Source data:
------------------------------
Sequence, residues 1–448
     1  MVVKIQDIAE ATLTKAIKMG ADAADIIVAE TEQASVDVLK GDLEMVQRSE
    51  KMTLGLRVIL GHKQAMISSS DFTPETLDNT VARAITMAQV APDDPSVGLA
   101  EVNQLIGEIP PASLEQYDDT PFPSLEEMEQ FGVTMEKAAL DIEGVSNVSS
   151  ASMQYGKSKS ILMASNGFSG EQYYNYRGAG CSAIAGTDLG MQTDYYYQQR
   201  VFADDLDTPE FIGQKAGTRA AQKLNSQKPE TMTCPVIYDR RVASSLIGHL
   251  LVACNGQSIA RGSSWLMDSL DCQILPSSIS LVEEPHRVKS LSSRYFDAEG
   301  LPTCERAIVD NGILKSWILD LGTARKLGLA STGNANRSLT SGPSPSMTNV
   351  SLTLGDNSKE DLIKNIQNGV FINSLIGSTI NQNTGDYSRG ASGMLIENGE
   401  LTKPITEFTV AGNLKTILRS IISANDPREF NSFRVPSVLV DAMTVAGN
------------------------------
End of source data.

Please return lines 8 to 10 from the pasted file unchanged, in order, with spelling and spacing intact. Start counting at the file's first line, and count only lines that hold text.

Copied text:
   301  LPTCERAIVD NGILKSWILD LGTARKLGLA STGNANRSLT SGPSPSMTNV
   351  SLTLGDNSKE DLIKNIQNGV FINSLIGSTI NQNTGDYSRG ASGMLIENGE
   401  LTKPITEFTV AGNLKTILRS IISANDPREF NSFRVPSVLV DAMTVAGN